I was talking to a corporate group not long ago, and I started talking about the severity of sin, and even of hell, and later I was kicking myself, thinking, “Maybe I shouldn’t have gone so far in that setting.” But a couple of days later, someone who was in that corporate meeting approached me and said, “I’ve got some questions about some of the things you mentioned in that talk,” and I said, “Okay,” and we went to lunch and started talking about them, and by God’s grace the Lord used that to draw this person to turn from sin and trust in Christ. Never stop emphasizing the gravity of sin.

But don’t stop there. Then, never stop talking about your gratitude for Christ. Sin is obviously not the end of the story, so speak about your gratitude for what Jesus has done on the cross. Do people you work with know how thankful you are for the cross of Jesus Christ? Do the people in your house and the houses next to you know how thankful you are for the cross of Jesus, where He took all your sin upon Himself in order to restore you to God? Look for opportunities this week to share with someone how thankful you are that Christ died for you, and that Christ rose from the dead!

Talking about Jesus’ resurrection …

In talking about Jesus’ resurrection, point to Jesus’ resurrection by speaking about difficulties with hope. When we face marital difficulties or relational difficulties or job difficulties or physical difficulties, and we talk like there’s no hope, we undercut the gospel. The gospel is a gospel of hope. There is a confidence that fills our speech when we are faced with trials and when we have the opportunity to encourage others in trials – we never, ever speak like we’re hope-less. You might say, “Well what if I don’t see any hope for this circumstance? For getting over this cancer or getting past this obstacle?” And this is where I remind you to remind others that our hope is not ultimately in this life. Jesus has conquered death, and we know that this world is not all there is. We have a hope that transcends death.

You know, it’s interesting that most of the stories you’ve shared this week revolved around opportunities to speak about the gospel with people around you who were going through some kind of difficulty. For some of you, it’s family that you’ve been praying for for years, brothers or sisters who have wandered far away from God. And now they find themselves coming to the end of themselves. And you’ve had opportunities to point them to the hope that’s found in Christ alone. To say to people around us who are realizing that all the possessions you can imagine in this world, and all the plaudits you can receive from this world, and all the pleasures and pursuits that this world has to offer are ultimately meaningless ultimately all lead to hopelessness — to be able to say to people, “There is hope that is more precious and more valuable than everything this world has to offer that will never let you down”, and to point them to that hope in Christ.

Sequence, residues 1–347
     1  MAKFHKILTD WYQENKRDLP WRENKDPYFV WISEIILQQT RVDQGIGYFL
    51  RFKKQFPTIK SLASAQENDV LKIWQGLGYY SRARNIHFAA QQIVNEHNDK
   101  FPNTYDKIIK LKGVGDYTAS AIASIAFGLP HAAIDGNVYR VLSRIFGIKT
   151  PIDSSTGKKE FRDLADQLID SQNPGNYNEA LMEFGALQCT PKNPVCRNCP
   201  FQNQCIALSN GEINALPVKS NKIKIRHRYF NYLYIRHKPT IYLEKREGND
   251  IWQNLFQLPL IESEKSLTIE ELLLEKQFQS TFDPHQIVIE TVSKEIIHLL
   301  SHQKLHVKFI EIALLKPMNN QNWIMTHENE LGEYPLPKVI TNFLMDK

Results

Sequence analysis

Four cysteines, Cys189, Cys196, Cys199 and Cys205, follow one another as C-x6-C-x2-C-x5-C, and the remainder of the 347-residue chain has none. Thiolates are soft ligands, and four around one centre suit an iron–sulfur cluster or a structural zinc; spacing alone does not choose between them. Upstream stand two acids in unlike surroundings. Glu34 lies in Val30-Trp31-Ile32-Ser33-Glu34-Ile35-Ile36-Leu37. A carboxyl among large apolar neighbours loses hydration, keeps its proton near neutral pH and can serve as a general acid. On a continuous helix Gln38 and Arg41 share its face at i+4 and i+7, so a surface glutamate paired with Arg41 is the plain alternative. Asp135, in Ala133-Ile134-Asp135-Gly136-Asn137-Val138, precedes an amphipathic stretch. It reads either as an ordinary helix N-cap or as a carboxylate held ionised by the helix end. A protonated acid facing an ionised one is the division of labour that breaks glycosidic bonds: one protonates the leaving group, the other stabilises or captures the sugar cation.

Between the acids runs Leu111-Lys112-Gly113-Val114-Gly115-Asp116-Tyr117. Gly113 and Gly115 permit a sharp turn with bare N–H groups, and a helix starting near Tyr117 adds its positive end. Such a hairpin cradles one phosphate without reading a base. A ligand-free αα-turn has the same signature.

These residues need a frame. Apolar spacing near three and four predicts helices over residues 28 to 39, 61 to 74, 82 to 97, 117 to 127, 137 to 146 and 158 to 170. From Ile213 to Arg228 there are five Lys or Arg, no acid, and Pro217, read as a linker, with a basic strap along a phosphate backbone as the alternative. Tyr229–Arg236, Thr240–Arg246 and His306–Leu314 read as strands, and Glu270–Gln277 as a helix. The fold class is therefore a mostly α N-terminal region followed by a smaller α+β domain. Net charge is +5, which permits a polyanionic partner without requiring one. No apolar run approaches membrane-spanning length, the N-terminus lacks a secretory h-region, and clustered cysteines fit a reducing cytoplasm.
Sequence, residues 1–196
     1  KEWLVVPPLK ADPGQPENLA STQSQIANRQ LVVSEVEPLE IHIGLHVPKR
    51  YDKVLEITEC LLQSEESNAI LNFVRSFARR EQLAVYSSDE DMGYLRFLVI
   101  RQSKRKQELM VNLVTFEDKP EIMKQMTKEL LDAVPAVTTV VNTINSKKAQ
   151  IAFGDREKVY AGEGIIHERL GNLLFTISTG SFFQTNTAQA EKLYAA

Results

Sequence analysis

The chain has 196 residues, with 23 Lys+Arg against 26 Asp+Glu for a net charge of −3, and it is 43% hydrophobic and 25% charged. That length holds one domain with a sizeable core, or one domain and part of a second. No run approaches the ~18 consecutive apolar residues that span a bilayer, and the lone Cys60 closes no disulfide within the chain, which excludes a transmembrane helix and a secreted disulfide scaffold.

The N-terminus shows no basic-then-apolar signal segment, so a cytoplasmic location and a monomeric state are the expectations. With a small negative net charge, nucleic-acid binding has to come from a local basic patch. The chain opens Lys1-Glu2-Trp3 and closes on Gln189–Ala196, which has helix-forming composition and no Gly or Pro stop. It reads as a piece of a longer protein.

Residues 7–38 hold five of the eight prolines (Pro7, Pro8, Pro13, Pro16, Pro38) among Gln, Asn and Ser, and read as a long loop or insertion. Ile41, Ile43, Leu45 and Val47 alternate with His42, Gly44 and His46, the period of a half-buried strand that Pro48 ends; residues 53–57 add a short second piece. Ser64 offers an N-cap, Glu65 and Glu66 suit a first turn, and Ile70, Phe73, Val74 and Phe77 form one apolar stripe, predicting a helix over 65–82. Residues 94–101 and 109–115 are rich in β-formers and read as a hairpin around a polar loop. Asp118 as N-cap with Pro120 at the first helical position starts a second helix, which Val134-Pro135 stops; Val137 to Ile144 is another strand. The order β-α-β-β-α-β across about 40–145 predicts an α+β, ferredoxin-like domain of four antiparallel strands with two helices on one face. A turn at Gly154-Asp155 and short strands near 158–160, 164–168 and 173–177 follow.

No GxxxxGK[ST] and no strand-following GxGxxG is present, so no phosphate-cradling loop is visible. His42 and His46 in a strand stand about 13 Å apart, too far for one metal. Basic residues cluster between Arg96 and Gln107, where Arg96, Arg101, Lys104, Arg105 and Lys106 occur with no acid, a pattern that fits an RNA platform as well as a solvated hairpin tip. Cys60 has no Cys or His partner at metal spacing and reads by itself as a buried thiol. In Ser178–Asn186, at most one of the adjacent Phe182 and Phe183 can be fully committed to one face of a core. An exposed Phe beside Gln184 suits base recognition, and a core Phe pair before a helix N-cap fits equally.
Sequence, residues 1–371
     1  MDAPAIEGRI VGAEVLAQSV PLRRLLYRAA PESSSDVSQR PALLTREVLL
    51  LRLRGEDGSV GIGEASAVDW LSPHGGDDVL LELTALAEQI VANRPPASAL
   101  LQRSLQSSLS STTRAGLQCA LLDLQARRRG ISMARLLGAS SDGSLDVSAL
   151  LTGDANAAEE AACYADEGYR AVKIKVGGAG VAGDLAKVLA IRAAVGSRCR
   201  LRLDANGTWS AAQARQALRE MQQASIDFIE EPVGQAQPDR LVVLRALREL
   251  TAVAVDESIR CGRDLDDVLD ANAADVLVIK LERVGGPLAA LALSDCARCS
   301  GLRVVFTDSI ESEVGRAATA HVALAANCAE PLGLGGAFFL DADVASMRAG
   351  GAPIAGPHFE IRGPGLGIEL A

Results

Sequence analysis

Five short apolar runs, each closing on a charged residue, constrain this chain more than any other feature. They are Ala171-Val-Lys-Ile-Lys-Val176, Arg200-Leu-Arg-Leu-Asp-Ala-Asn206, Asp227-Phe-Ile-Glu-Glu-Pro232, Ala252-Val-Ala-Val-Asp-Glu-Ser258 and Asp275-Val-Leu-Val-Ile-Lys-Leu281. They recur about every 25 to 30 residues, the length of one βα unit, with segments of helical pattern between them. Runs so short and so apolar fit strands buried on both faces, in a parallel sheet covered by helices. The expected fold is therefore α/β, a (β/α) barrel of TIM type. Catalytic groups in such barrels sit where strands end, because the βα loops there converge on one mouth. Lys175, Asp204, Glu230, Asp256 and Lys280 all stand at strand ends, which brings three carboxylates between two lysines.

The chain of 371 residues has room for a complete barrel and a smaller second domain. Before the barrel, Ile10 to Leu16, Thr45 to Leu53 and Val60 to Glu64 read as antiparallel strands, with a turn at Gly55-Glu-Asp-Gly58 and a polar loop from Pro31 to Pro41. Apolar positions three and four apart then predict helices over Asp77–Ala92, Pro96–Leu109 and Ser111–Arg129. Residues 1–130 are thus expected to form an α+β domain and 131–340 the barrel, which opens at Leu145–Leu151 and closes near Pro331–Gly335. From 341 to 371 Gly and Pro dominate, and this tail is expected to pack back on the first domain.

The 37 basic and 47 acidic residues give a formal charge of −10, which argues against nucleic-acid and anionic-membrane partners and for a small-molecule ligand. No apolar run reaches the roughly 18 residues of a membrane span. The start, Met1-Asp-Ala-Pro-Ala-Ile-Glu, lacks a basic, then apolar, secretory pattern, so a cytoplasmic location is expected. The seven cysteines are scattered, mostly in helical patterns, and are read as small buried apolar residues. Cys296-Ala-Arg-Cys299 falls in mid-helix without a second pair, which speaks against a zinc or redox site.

One of you shared about your brother who for the last 20 years has been a slave to drugs and alcohol. And for the last six years, this brother had basically cut off communication with you, all relationship with you. And this last week, he reached back out to you simply for a ride. And you picked him up, and you asked him, “Do you ever feel loved?” And your brother slowly choked out a “no” as he shared how he doesn’t feel loved by anyone more than anyone else in this world. And so you spoke with tears in your eyes about the love of God shown in His sending His Son to die for him.

I think about another story. One member of our faith family was running on a treadmill at the gym when she saw a girl across the way that she vaguely recognized, but didn’t know. And this member said, “As I was running, I kept sensing that God was telling to pray for her, so I did. But then I sensed that God was telling me to pray with her, and I thought, ‘No way – not here – I can’t just walk up to her. She’ll think I’m crazy.’” But she said, “God still kept putting her on my heart as I ran, so I had no idea what I’d say or how she’d react, but I got off the treadmill and went up to her, introduced myself, and told her I hoped she didn’t think I was crazy, but that I wanted to offer to pray with her, and I asked her if there was anything I could pray for/with her about.” She said, “This girl started crying and said ‘yes’ and we went outside and sat in my car for the next hour praying and talking as she shared how things in her life were spiraling out of control and she needed God to save her.” And the member wrote, and I quote, “This was definitely not random. This was rigged.”

Now you may hear stories and like this and think, “So we’re just supposed to capitalize on others’ difficulties for the sake of the gospel?” And that’s not it, at all. But just realize that in all of our lives, difficulties wake us up to the reality of our mortality, to the emptiness of the things of this world (even the best things of this world), and ultimately difficulties in this world create in us a longing for hope that transcends this world – a hope that is ultimately found in the life, death, and resurrection of Christ.